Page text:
Results. The clinical outcomes of this pilot program are currently being analyzed and will available at the time of the presentation.
Conclusion. Patients with fibromyalgia should be referred to OT if they are having difficulty managing their symptoms and it is interfering with their functional engagement in activities of daily living.
Uyeshiro Simon, A., & Reeves, L. (2016). Lifestyle Redesign® occupational therapy for complex regional pain syndrome: A clinical case study [Poster presented at 8th World Congress of the World Institute of Pain, New York, NY]. Pain Practice, 16(Suppl. 1), 136-137. https://doi.org/10.1111/papr.12451 Show abstract
Objectives. Complex Regional Pain Syndrome (CRPS) is a neuropathic condition that can cause extreme pain, have a significant impact on function, and has the potential to become chronic. Occupational therapy (OT) helps individuals increase participation and function through the use of everyday activities, and uses those activities as both a means and an end to treatment goals. Lifestyle Redesign® is a behavioral occupational therapy technique that aims to modify a person’s daily habits and routines in order to manage a chronic condition, and has been shown to improve quality of life and slow disease progression. The purpose of this report is to demonstrate the efficacy of Lifestyle Redesign® occupational therapy in CRPS pain management, using a clinical case study of a 53 year-old male patient with chronic CRPS Type I in bilateral hands.
Methods. As this was a clinical case study, the treatment administered followed a typical clinical plan of care based on the patient’s evaluation, and did not contain any treatment modifications for research purposes.
Results. The patient was seen for 12 visits over 8 months, and demonstrated clinical improvements shown in Table 1. Outcomes used included the RAND SF-36 Health Survey, Canadian Occupational Performance Measure (COPM), Brief Pain Inventory (BPI), and Pain Self-Efficacy Questionnaire (PSEQ).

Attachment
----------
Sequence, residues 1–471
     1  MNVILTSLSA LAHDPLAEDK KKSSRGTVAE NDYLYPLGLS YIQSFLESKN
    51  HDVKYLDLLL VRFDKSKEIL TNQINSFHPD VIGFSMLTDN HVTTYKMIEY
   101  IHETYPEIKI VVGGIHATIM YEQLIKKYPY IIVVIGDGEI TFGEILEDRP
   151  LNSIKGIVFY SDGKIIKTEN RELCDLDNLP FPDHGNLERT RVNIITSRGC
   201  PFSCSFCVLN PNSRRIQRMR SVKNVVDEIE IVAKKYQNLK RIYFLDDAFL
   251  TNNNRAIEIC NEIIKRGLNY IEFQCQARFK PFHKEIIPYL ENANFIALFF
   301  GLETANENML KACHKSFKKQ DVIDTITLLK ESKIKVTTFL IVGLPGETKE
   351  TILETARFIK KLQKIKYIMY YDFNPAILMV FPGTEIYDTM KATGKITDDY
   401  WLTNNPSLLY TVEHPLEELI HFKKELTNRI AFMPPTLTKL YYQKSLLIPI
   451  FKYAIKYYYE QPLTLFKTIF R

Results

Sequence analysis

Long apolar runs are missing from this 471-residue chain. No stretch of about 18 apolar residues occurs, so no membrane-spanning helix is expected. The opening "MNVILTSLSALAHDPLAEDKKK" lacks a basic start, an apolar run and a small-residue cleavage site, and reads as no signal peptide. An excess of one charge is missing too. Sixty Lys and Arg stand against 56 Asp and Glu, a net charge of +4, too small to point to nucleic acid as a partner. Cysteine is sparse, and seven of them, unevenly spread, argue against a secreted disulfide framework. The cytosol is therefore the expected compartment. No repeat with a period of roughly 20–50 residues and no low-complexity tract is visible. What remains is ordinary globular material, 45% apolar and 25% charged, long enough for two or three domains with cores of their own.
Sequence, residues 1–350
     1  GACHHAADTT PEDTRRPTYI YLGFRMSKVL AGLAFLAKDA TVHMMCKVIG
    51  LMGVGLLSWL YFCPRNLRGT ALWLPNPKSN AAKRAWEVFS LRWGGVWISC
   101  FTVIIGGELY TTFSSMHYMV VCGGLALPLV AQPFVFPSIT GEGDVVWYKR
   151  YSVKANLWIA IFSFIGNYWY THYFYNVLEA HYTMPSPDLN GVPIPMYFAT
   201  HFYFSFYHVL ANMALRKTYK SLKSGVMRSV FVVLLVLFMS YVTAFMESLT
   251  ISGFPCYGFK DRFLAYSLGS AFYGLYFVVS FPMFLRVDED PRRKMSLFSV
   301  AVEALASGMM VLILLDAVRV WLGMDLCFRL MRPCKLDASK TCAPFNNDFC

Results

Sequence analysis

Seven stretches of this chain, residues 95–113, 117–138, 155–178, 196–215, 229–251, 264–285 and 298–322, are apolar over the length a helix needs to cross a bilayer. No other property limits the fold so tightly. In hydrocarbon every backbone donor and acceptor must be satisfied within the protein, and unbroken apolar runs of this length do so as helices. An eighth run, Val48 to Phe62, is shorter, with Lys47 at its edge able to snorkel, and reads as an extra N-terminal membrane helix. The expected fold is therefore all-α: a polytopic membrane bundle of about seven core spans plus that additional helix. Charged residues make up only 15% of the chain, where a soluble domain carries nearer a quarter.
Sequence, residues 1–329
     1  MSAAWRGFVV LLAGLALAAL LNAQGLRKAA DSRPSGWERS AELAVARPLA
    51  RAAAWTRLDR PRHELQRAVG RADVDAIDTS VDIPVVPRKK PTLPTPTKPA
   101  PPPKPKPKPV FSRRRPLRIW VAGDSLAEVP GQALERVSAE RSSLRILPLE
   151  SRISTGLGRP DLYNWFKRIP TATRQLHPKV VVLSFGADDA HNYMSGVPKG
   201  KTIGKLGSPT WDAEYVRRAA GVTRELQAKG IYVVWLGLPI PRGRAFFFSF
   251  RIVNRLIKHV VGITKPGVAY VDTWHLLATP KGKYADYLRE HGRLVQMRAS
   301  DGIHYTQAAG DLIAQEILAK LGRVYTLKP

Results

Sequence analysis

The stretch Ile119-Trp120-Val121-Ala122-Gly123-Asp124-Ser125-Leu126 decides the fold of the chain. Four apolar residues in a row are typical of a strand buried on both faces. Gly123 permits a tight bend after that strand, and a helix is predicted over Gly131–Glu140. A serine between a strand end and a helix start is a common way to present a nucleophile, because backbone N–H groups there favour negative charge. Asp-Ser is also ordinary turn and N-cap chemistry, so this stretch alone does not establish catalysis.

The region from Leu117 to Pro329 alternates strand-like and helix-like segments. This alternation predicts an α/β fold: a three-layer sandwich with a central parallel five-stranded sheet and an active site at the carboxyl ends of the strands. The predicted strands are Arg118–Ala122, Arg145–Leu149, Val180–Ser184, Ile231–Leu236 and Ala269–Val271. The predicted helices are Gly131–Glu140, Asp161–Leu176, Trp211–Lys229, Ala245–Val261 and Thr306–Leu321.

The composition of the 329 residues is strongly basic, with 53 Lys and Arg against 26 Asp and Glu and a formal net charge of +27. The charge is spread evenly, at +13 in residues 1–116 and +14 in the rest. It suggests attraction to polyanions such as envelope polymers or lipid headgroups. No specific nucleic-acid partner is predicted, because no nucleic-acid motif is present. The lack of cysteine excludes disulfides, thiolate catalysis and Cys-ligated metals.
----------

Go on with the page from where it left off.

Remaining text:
Conclusion. This case study illustrates how OT can significantly improve a patient’s quality of life and pain self-management skills, in order to improve function and decrease pain. More rigorous research about the efficacy of Lifestyle Redesign® OT in treating CRPS is needed to enhance evidence-based practice.
Reeves, L., & Uyeshiro Simon, A. (2016). Occupational therapy’s role in chronic headache management among a multidisciplinary team: A Lifestyle Redesign® approach [Poster presented at 8th World Congress of the World Institute of Pain, New York, NY]. Pain Practice, 16(Suppl. 1), 136. https://doi.org/10.1111/papr.12451 Show abstract
Objectives. Severe headache and migraine pain affect as much as 15% of Americans, according to the American Academy of Pain Medicine. Primary care physicians, neurologists, physical therapists, and psychologists are well-known members of a multidisciplinary pain program, but occupational therapy (OT) for headache management has not been well researched. OTs can offer a vital perspective on behavioral, emotional, and nonpharmacological headache treatment approaches. The aim of this study is to explain the role that OT can play in effective headache treatment among a multidisciplinary team, and present the outcomes of a program development study for quality improvement.